Birdblog

A conservative news and views blog.

Name:
Location: St. Louis, Missouri, United States

Saturday, October 15, 2005

Playing the Saxon Tome

For those of you who have never seen Olde English, I thought I would post up an example from the book ``An Old English Anthology``. I bought this at the end of a bookfair, largely because you could stuff whatever remained in a grocery bag and pay just $1. Unfortunately, these writings do not come with translations, so I haven`t the foggiest idea what they say! (A few have Latin translations, but I don`t speak Latin either so it`s all Greek to me!)

At any rate, I thought it would be interesting to see what Olde English looked like. This particular piece is a love poem (or so the notes say) about a Viking woman`s relationship with her (generally absent) husband and her lover.


WULF AND EADWACER

Leodum is minum swylce him mon lac gife
Willao hy hine apecgan gif he on preat cymed
Ungelic is us.

Wulf is on iege, ic on operre.
Faest is paet eglond fenne biworpen.
Sindon waelreowe weras paer on ige.
Willao hy hine apecgan gif he on preat cymed.
Ungelic is us.

Wulfes is mines widlastum wenum dogode.
Ponne hit waes renig weder ond ic reotugu saet,
ponne mec se beaducafa bogum bilegde;
waes me wyn to pon, waes me hwaelpre eac lad.

Wulf min Wulf, wena me pine
seoce gedydon, pine seldcymas,
murnende mod, nales meteliste.
Gehyrest bu Eadwacer? Uncerne earne hwelp
bired wulf to wuda.
Paet mon eape toslited paette naefre gesomnad waes,
uncer giedd geador.


If any of you, my learned readers, have the foggiest idea what this says-feel free to clue me in!

|

6 Comments:

Blogger Michael Morrison said...

Tim, shame on you, using such language in a family-oriented blog!
I would never use such words myself, but for anyone who is now even more eager to know what they mean in more modern English, let me suggest you dig out your German-English dictionary and you might be able to figure it out (though that might depend on the quality and scope of your dictionary).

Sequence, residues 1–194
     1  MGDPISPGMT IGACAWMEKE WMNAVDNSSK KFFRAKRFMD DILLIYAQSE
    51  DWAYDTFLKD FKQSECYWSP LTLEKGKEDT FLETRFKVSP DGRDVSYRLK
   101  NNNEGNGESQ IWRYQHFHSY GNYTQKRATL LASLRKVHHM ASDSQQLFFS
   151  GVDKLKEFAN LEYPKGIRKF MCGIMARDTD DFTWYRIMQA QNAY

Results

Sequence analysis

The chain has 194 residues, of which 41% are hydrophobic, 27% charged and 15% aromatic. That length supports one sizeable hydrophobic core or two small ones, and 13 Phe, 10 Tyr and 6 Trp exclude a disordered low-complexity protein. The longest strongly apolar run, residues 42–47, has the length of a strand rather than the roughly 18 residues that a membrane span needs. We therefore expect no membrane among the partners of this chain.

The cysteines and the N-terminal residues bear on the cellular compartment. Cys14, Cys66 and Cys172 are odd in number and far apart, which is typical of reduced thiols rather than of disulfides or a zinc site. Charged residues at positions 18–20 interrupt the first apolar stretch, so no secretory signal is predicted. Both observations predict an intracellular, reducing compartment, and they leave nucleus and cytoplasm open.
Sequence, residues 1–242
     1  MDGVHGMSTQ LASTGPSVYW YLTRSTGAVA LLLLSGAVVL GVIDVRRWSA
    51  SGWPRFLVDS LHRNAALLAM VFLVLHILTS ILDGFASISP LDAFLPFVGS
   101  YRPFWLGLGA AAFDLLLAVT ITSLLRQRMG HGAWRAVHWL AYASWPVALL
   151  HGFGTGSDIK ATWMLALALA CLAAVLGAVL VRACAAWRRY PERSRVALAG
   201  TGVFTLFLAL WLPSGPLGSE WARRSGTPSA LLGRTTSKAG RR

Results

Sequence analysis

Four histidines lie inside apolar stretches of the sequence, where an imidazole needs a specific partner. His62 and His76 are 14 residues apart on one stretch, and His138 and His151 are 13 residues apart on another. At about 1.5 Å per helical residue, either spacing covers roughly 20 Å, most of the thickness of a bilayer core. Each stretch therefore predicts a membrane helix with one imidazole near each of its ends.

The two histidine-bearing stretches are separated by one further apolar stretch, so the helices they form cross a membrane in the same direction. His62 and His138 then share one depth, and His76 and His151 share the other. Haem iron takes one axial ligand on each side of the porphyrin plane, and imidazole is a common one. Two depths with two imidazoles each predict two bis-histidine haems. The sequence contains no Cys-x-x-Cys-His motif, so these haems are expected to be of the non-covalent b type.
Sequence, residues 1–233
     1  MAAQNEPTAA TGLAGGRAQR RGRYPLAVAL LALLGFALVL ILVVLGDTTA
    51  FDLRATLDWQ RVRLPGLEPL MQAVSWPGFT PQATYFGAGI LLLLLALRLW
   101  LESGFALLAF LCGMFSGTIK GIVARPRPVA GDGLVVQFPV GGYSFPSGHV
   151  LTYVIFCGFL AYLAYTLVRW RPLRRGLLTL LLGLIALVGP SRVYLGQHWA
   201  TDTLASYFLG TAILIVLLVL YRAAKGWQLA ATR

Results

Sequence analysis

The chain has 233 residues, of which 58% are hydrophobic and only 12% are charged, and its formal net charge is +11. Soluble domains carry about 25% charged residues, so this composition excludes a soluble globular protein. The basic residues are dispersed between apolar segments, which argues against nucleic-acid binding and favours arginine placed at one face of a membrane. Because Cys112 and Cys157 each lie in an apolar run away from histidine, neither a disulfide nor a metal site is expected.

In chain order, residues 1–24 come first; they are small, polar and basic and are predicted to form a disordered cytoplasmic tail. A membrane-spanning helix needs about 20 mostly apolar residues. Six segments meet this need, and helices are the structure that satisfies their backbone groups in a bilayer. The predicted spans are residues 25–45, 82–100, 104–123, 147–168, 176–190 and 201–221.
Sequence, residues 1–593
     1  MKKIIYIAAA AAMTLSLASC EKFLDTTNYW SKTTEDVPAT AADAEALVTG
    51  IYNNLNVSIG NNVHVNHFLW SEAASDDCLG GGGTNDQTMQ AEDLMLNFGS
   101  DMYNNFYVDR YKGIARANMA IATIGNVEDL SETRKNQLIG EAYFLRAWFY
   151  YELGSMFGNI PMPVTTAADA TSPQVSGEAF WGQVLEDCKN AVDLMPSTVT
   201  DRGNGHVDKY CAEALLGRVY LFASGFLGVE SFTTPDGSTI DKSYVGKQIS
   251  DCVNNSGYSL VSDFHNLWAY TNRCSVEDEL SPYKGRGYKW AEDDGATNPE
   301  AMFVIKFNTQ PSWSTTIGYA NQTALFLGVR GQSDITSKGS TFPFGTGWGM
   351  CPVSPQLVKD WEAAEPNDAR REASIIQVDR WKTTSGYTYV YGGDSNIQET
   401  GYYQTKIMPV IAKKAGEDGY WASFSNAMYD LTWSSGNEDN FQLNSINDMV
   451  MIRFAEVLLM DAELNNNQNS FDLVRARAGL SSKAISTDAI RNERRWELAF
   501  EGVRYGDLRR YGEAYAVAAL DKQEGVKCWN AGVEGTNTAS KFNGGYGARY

Then you will have to wash off your eyeballs with soap.

3:34 PM  
Blogger Morris said...

Sounds like the ravings of a bad poet..

6:15 PM  
Blogger Timothy Birdnow said...

I humbly apologize for my use of such vulgar language, Michael.

Thanks for dropping by, Morris!

7:42 PM  
Blogger Aussiegirl said...

Tim, a search on the internet came up with this translation and explanation:

Krapp, George Philip, and Elliot Van Kirk Dobbie, eds. The Exeter Book. ASPR 3. New York: Columbia UP, 1936. Note: The interpretation of Wulf and Eadwacer is much in dispute, and my translation, obviously, presents only one reading. The situation has traditionally been thought to be this: an unnamed woman speaker, in love with a man, Wulf--long away from her, perhaps in exile--has, meantime, been taken as wife or mistress by another warrior, Eadwacer; the speaker laments her position and cries out against Eadwacer.

Hyperlinks to annotations are added in-line in the text, in bolded brackets.

Text
To my people it is as if one offered them battle [ 1 ]:
they will receive him, if he with threat [ 2 ] comes. [ 3 ]
Unlike is it to us.
Wulf is on one island, I on another.
Fast is that island, by fen surrounded;5
fierce are the men on that island:
they will receive him, if he with threat [ 4 ] comes.
Unlike is it to us.
My Wulf's wide-wanderings, expected, I endure.
When it was rainy weather, and I sat tearful,10
then that battle-bold [ 5 ] clasped me in arms:
delight to me, that, yet pain as well.
Wulf, my Wulf, my hopes of thee
sickened me, thy seldom-coming,
a mourning mind, not lack of food.15
Hearest thou, Eadwacer? Our [ 6 ] sorry whelp
A Wulf bears to woods.
One easily slits what never was joined:
our song together.

Translation copyright © 1982, Jonathan A. Glenn

12:05 PM  
Blogger Michael Morrison said...

Shucks, I thought my facetious shock would encourage a lot more efforts at translating it.
I guess parody and/or satire does not work too well on the Net.
Actually I had not the foggiest idea what the poem was about.
Thanks to Aussiegirl for finding one version.

11:24 PM  
Blogger Michael Morrison said...

Here is a very interesting discussion of the poem, one that mirrors, somewhat, the comment by Morris: http://www.sfsu.edu/~medieval/Volume4/Donahue.html
Though I have no valid claims to scholasticity, I enjoyed this, all of it, from Tim's first publishing to Aussiegirl's discovered translation.
It sure beats the heck out of, for example, discussions of Harriet Miers or George W. Bush.

6:12 PM  

Post a Comment

<< Home

Weblog Commenting and Trackback by HaloScan.com